Of course, it is completely possible to achieve the necessary goal of reducing poverty, but not through the UN’s growth-based, business-as-usual strategy. Poverty can only be eradicated by 2030 if we address two critical issues head on: income inequality and endless material growth.

First, we must address the enormous inequality that has accumulated in the last 200 years. The richest 1% of humanity will very soon own over half of private wealth. And indeed, large increases in the socioeconomic position of the poorer half can be achieved through very modest inequality reductions. For example, a hypothetical doubling of their share of global income, from 4% to 8%, even if it came entirely at the expense of the richest 5%, would only reduce the incomes of these top earners by less than 10%.

The SDGs inequality goal (target 10.1) allows current trends of income concentration to continually increase until 2029 before they start to decline. This totally ignores the structure of our economic system which creates inequality in the very rules that enforce and articulate the current distribution of wealth.

The other essential task is for the world’s nations to adopt a saner measure of human progress; one that gears us not towards endless GDP growth based on extraction and consumption, but towards the wellbeing of humanity and our planet as a whole. There are plenty of options to choose from, all of which have been ignored in the SDGs. Instead, Target 17.19 says only that they will, “by 2030, build on existing initiatives to develop measurements of progress on sustainable development that complement GDP.” In effect, the SDGs perpetuate severe poverty and leave this fundamental problem to future generations.

Sustainable Development Goals, Millennium Development Goals, global poverty, global inequality, wealth inequality, gender inequality, international poverty line

Magical Accounting

Much of the credibility of the Sustainable Development Goals rests on the story that their predecessors – the Millennium Development Goals – have, on the whole, been a success. They have, so we are told, halved poverty since 1990.

The clear implication is that the basic model of GDP growth is working so well that we should trust it to finish the job. And whereas it’s certainly true that progress has been made on some problems in some places, many researchers, including the authors of this article, have shown that this does not add up to overall success. In fact, the progress has been so uneven, and the core data has been so massaged over the years, that it’s more accurate to say that the claim to have halved poverty is more magical accounting than verifiable fact.

For example, shortly after the MDGs were agreed, the UN moved from an aim of halving absolute numbers to halving the proportion of people in poverty. Then, they went from halving the proportion of impoverished people globally to just focusing on the developing world. They even went back in time to change the baseline year of recording, from 2000 back to 1990, which conveniently allowed them to co-opt all of China’s gains in lifting people out of poverty in the 1990s, despite the fact that China’s policies bear little resemblance to the UN’s prescriptions. And probably the most brazen of chimeric acts: they even changed the definition of poverty, moving their international poverty line (IPL) multiple times.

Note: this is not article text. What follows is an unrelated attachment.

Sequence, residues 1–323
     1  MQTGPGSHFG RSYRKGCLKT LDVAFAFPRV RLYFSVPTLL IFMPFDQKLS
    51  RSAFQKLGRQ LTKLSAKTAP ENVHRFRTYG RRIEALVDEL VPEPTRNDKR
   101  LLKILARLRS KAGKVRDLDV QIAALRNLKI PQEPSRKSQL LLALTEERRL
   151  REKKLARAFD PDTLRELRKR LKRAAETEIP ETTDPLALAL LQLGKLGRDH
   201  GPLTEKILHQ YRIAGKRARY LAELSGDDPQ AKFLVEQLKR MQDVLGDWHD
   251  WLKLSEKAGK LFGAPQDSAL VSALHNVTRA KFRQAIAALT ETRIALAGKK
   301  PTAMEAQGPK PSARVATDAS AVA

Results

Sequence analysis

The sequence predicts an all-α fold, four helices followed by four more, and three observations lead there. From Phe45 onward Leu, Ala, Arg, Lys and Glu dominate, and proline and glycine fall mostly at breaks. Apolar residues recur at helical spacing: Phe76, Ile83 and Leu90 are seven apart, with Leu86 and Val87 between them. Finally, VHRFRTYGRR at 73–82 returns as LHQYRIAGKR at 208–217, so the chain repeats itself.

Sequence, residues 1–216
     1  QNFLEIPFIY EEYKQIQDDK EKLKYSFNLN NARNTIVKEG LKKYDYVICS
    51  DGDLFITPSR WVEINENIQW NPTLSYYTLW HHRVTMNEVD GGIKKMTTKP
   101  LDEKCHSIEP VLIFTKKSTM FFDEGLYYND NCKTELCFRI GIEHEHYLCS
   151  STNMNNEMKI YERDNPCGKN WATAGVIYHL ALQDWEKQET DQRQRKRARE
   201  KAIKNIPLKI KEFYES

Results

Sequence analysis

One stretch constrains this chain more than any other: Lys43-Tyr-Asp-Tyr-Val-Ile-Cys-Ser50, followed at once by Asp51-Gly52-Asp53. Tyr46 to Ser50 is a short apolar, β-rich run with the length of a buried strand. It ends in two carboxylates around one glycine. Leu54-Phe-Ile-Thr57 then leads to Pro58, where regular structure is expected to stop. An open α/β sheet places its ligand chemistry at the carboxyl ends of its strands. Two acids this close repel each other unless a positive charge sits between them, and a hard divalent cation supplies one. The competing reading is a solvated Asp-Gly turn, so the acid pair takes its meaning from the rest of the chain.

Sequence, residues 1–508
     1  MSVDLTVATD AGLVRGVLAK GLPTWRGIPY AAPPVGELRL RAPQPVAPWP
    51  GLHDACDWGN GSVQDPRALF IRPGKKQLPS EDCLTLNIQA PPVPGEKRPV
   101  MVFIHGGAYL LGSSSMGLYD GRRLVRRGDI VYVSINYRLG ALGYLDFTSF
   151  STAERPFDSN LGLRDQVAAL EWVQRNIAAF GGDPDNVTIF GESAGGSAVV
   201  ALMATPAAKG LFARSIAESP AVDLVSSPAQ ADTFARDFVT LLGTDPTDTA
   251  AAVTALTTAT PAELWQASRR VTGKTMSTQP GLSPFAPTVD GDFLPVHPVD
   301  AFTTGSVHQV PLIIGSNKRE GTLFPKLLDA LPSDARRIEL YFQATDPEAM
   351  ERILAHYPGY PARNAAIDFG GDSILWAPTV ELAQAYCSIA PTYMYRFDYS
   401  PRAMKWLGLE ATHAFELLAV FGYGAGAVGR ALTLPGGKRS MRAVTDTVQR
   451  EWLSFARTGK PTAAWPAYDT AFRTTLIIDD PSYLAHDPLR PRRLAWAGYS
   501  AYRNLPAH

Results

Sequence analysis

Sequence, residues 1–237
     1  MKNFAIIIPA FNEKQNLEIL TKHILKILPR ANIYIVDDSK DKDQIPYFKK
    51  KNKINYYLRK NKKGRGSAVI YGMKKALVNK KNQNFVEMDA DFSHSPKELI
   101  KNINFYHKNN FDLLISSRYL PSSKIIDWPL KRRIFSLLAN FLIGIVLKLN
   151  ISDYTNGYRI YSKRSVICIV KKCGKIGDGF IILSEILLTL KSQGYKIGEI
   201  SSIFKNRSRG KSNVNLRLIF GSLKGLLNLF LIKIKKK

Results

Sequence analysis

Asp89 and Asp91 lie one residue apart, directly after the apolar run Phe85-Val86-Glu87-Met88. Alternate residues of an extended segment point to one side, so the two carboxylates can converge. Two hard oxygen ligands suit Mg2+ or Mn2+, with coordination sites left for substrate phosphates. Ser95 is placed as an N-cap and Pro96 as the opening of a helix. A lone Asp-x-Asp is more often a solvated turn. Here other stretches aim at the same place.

It seems the MDGs are a virtual Potemkin Village, stage managed to keep the true poverty trends from being exposed. For the successor goals to have any credibility, they must adopt a more realistic measure of poverty, actually address the root causes, and guard against the kind of statistical manipulation that so blighted the MDGs.

Sustainable Development Goals, Millennium Development Goals, global poverty, global inequality, wealth inequality, gender inequality, international poverty line

The Siren’s Call

The obvious question is why the UN and others in the development industry would want to deceive the public, and arguably themselves.

At one level, the objective of the UN, big foundations and other non-governmental organizations is to convince us of their competence, thereby creating enough support and interest to justify their existence and make them seen as worthy guardians of global issues – but not create so much political buoyancy and public attention that they would have to address the rules of the global operating system that has so benefited them. All the structural incentives are there to manipulate the figures and market themselves as a success.

Then, of course, there is the influence of the corporate-political elites who both fund most of these organizations and require the “good news” trend lines to defend and maintain the status quo. Add to that the personal and professional ambition of individuals within some of these institutions and you have the perfect conditions for lies and half-truths to win the day. In this way, the SDGs serve as both our siren and our lullaby.

We must understand that the development sector has two contradictory roles: they tell us that there are critical global issues to which we must pay heed, but then ensure us that they have the issues under control. This is why the UN, the World Bank and others have been so determined to convince us that they are competent and have the right plan. In fact, the UN has reached out to Madison Avenue in the hopes of marketing the SDGs, which they have positioned as the “world’s biggest advertising campaign.” They have even created a child-friendly propaganda kit for schoolteachers. If they can’t actually solve global problems, they can at least make us, and our children, think they’re solving them.